Greetings,
I love working with databases, but I hate the nitty-gritty, detail-oriented aspects of being a DBA. (That's why I'm a consultant instead of a DBA with a real job!) Because of my dislike of the nitty gritty, I like the handy configuration-management stored procedures that Microsoft described and published in an excellent white paper titled "Using Stored Procedures to Identify Common Administrative Issues." The 18-page white paper explains how to use more than a dozen new stored procedures to look for the little things that might go wrong with your SQL Server's configuration. The procedures help you automate dozens of configuration checks, such as

  • verifying that sp_configure and sp_dboption values are set to reasonable levels
  • determining whether tempdb is set to a "too small" start-up size
  • checking for out-of-the-ordinary indexoption or tableoption settings
  • ensuring that all tables have at least primary key or unique constraint
  • checking to see whether clustered indexes have exceptionally wide keys that could be degrading non-clustered index performance
  • looking for stored-procedure tools to investigate blocking problems

You can find this white paper and supporting T-SQL installation scripts on the Microsoft Developer Network (MSDN) SQL Server Developer Center Web site.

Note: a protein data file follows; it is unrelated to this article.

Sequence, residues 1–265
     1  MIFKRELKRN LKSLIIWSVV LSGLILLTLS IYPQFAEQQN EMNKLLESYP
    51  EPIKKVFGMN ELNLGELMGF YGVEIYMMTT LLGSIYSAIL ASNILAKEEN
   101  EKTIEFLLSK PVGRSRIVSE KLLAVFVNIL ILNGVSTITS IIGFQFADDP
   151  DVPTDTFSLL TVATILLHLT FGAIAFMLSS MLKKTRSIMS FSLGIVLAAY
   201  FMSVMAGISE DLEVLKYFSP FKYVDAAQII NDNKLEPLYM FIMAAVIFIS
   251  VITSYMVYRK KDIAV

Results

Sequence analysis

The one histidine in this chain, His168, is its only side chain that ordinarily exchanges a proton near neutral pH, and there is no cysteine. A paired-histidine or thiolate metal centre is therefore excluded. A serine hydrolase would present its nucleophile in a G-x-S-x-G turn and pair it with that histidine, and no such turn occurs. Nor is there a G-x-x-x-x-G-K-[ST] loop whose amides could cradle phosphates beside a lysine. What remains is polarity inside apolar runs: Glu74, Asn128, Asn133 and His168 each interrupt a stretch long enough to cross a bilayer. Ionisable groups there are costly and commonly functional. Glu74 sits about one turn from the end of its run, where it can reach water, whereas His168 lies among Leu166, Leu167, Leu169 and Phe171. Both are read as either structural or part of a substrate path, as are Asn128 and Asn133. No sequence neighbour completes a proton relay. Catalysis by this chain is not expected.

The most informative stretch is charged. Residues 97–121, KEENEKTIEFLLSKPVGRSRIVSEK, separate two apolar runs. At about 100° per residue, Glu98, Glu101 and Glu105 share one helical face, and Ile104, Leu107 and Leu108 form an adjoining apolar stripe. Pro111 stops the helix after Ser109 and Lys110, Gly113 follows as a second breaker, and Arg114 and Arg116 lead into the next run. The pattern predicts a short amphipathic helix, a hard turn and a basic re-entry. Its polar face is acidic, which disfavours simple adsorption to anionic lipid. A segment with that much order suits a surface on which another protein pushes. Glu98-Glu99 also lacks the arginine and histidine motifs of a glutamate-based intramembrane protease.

While you're there, spend a few minutes looking at the rest of the site's content, such as the following white papers:

  • a technical discussion of the pros and cons of reimplementing the Duwamish Online sample site using SQL Server 2000's XML capabilities
  • a review of the new features in SQL Server 2000's version of Data Transformation Services (DTS)
  • a technical preview that lets you map XML Data Reduced (XDR)-based schemas to SQL Server models for integration with SQL Server's new XML capabilities
  • a detailed, hands-on review of SQL Server 2000's Indexed View capabilities. (I think that indexed views are one of the most powerful tuning tools in SQL Server 2000's arsenal; you should know when and how to leverage them to your advantage.)

You'll find all of this great content on the MSDN Web site.